The 2019 Dangerous by Design report ranks states and metropolitan areas throughout the United States according to how dangerous the roadways are for pedestrians.
Published by Smart Growth America and the National Complete Streets Coalition, with support from AARP, the American Society of Landscape Architects and the consulting firm of Nelson\Nygaard, the report's Pedestrian Danger Index measures how deadly it is for people to walk based on the number of people struck and killed by drivers while walking.
The report is based on traffic deaths that occurred between 2008 and 2017
- Between 2008 and 2017, 49,340 people in the United States were struck and killed by drivers. That’s more than 13 people per day, or one person every hour and 46 minutes. It's the equivalent of a jumbo jet full of people dying every single month.
- In the past decade, the number of people struck and killed by drivers while walking increased by 35 percent, with 2016 and 2017 as the two highest years on record since 1990.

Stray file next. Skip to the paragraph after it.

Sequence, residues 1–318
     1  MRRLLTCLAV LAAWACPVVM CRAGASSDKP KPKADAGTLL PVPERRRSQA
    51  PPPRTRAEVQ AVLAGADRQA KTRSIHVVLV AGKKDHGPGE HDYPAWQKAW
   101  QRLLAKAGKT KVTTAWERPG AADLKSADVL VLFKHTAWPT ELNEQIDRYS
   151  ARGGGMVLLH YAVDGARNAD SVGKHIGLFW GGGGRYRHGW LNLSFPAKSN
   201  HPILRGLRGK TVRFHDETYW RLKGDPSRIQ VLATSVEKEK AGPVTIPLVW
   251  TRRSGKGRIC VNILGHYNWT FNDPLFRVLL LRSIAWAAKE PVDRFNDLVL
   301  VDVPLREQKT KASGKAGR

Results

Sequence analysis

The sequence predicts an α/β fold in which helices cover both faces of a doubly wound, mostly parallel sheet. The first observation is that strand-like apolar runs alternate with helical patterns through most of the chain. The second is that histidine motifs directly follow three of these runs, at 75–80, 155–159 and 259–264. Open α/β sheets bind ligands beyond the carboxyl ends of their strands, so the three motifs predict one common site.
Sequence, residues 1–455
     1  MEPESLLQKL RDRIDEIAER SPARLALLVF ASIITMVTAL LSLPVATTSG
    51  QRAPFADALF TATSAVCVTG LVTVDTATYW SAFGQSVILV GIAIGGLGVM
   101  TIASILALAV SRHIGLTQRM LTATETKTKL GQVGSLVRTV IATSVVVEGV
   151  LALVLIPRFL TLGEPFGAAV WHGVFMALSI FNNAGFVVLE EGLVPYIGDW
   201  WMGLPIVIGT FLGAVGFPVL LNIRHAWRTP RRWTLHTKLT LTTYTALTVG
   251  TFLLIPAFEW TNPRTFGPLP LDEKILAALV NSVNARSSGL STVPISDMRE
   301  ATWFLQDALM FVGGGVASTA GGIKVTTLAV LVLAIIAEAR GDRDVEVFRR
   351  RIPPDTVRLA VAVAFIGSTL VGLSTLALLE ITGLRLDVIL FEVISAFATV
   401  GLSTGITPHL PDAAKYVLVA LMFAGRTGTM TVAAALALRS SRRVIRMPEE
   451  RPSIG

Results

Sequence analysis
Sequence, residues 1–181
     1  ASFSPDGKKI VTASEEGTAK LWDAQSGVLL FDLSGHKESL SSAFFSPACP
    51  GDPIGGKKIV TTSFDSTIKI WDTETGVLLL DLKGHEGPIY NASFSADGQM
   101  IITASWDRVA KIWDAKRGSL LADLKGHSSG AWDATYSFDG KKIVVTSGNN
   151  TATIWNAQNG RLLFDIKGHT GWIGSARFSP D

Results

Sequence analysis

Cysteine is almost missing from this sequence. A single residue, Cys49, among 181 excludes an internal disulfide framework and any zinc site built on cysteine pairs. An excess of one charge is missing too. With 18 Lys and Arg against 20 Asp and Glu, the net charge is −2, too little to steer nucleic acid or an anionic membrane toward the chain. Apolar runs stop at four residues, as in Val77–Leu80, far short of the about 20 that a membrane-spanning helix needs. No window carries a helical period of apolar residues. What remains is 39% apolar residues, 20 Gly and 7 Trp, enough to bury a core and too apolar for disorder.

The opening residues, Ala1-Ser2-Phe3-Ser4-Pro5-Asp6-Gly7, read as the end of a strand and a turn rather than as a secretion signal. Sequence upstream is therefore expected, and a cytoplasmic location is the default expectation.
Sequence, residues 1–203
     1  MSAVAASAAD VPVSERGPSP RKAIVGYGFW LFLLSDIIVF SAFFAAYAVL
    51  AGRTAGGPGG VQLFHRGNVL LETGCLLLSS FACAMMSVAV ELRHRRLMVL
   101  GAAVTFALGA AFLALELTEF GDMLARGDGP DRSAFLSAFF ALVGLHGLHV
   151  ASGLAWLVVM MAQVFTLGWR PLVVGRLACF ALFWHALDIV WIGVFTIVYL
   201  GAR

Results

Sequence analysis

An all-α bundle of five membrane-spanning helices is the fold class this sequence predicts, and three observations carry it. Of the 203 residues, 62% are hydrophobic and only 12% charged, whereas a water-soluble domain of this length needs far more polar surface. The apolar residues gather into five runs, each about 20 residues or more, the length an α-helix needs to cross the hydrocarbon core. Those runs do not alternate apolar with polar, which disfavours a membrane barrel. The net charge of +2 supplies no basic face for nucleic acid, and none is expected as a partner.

- Traffic deaths impact every community, but older adults, people of color, low-income communities, and cities and regions across the south bear a higher share of this harm.
- The 20 states with the highest Pedestrian Danger Index ratings are Florida, Alabama, Delaware, Louisiana, Mississippi, Georgia, New Mexico, Texas, Arizona, South Carolina, Nevada, Tennessee, North Carolina, Oklahoma, Arkansas, California, Missouri, Maryland, Michigan and Kentucky.
Why is this happening? We’re not walking more, and we’re barely driving more than we were back in 2008. What we are doing is continuing to design streets that are dangerous for people.
See some key findings from the report as displayed in the slideshow below. Scroll down for related links, including to the complete report.
Dangerously Incomplete Streets vs. Safely Complete Streets
- To download the complete report, visit the National Complete Streets Coalition
- See a slideshow of "Dangerously Incomplete Streets"
- Learn how Florida is working to be a safer state for pedestrians
- See an example of a "Complete Street"